Background: Canine monocytotropic ehrlichiosis (CME), caused by Ehrlichia canis, is a significant tick-borne disease among canines, particularly in the tropical regions and urban areas of India. The standard treatment for CME is a 28-day course of oral doxycycline. However, some dogs may struggle with oral doxycycline due to its associated side effects. This study aimed to assess the effectiveness of parenteral doxycycline in natural cases of non-myelosuppressive CME within a shorter treatment duration of 15 days.
Methods: To confirm the presence of parasitic DNA, we utilized blood and splenic aspirates and performed 16S rRNA nested PCR. We established non-myelosuppression through bone marrow aspiration cytology, focusing on myeloid and erythroid cells. Among the cases confirmed by PCR, we randomly assigned 22 non-myelosuppressive cases into two groups. Group I received injectable doxycycline at a dosage of 10 mg/kg once daily for 15 days, while Group II received oral doxycycline at the same dosage for 28 days, also administered once daily. Our study highlights the utility of bone marrow aspiration for clinicians in identifying CME patients based on the presence or absence of myelosuppression.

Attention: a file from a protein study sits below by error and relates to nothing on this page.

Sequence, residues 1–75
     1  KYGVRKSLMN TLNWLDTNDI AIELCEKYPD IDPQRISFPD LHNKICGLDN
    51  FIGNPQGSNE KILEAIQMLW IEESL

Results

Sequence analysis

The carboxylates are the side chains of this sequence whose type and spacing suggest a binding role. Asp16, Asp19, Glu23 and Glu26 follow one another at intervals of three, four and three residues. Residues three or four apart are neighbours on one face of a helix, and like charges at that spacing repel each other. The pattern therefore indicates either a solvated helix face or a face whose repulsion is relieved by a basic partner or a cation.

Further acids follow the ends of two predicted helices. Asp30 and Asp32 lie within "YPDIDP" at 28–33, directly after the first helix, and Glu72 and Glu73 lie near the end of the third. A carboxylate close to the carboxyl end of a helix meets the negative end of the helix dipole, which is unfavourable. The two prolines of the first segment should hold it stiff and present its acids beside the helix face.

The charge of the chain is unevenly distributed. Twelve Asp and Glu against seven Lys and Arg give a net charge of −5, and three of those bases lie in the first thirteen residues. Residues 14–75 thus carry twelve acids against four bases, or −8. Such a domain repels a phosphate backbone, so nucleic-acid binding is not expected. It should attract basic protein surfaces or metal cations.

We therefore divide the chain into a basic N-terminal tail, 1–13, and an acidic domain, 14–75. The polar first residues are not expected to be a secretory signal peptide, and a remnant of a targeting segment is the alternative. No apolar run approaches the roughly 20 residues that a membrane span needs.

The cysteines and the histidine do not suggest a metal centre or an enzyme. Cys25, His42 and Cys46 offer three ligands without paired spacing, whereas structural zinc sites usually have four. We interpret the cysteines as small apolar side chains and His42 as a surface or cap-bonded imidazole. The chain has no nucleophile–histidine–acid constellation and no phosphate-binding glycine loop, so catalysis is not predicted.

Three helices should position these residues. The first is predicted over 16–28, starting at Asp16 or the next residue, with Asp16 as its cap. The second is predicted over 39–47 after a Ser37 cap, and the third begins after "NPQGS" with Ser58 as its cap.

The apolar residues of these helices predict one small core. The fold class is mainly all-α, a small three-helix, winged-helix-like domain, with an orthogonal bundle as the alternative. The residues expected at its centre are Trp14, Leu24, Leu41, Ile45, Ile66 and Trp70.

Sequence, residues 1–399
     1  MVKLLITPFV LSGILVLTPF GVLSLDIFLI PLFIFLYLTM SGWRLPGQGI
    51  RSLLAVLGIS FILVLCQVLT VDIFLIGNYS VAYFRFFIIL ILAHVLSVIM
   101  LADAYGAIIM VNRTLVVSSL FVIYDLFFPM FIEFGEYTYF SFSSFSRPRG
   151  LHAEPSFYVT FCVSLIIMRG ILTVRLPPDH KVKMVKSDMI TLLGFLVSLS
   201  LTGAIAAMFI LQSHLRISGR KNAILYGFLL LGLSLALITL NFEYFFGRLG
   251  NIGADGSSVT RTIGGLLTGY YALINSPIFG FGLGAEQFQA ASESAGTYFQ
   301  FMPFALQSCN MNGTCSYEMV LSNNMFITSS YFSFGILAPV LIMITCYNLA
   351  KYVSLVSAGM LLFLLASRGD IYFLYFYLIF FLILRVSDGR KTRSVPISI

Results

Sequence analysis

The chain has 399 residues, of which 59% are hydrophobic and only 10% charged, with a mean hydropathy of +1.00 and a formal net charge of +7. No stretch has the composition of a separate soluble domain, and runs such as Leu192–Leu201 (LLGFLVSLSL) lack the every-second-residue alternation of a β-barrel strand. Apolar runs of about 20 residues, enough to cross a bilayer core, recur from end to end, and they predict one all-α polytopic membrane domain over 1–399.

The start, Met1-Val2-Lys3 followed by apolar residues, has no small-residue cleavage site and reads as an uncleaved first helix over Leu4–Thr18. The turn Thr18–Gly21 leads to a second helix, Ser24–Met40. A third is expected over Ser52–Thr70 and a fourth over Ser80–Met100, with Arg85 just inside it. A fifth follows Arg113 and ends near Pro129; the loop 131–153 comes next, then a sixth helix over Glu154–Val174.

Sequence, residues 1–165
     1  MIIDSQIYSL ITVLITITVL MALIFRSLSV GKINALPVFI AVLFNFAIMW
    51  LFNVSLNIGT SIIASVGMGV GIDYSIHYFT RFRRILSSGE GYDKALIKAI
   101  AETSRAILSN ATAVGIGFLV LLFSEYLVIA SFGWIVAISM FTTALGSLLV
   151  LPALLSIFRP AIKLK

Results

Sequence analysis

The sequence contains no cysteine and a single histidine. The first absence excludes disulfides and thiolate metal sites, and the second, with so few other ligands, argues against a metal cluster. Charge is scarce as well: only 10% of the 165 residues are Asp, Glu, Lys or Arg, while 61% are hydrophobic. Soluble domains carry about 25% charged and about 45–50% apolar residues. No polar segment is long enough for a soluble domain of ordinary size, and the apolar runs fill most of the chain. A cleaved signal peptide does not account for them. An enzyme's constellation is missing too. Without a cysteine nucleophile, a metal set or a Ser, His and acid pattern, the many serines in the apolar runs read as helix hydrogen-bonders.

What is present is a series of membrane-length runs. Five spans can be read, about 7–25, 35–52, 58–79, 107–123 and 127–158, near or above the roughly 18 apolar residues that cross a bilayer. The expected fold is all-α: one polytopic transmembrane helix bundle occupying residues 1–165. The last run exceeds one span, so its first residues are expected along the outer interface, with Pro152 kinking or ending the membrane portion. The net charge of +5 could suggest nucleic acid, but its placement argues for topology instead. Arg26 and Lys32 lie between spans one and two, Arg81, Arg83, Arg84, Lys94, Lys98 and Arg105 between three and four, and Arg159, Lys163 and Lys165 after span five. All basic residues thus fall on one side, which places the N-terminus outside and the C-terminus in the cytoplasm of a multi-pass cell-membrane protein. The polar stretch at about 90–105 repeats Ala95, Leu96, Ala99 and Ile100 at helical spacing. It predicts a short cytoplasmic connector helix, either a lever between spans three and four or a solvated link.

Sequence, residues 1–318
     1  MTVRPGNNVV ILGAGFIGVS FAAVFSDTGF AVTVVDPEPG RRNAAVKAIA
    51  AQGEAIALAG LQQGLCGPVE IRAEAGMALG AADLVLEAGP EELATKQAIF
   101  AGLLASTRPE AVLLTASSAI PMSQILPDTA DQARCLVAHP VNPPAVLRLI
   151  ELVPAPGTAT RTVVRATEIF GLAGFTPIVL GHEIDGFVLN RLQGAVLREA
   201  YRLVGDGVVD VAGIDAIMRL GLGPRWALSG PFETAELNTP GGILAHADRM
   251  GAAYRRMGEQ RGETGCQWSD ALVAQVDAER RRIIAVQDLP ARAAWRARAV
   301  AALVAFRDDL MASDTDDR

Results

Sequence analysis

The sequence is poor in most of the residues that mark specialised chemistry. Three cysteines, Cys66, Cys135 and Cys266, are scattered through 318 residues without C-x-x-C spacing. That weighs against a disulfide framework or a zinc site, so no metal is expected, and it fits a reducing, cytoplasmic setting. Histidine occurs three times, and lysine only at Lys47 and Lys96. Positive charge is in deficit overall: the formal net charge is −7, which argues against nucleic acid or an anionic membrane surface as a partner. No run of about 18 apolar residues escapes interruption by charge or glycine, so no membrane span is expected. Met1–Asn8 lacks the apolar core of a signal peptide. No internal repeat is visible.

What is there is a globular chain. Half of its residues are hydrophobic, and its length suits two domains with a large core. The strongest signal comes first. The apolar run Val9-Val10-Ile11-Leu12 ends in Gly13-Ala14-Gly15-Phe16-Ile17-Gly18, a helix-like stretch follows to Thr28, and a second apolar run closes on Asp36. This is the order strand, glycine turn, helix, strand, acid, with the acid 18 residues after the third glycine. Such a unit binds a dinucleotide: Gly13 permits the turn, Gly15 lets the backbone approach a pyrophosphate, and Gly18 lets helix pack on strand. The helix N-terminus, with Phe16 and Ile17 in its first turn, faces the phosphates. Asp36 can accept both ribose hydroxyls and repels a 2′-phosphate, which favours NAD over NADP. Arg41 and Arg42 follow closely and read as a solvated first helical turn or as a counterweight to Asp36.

Results: Injectable doxycycline demonstrated minimal side effects and proved to be convenient for dogs. After 15 days of therapy, group I showed negative results for 16S rRNA on nested PCR in both blood and splenic aspirates. Furthermore, erythrocyte and thrombocyte levels significantly (p≤0.05) improved in the group treated with injectable doxycycline.
Conclusion: Hence, injectable doxycycline therapy effectively eliminated parasitic DNA within a 15-day treatment period and demonstrated its efficacy.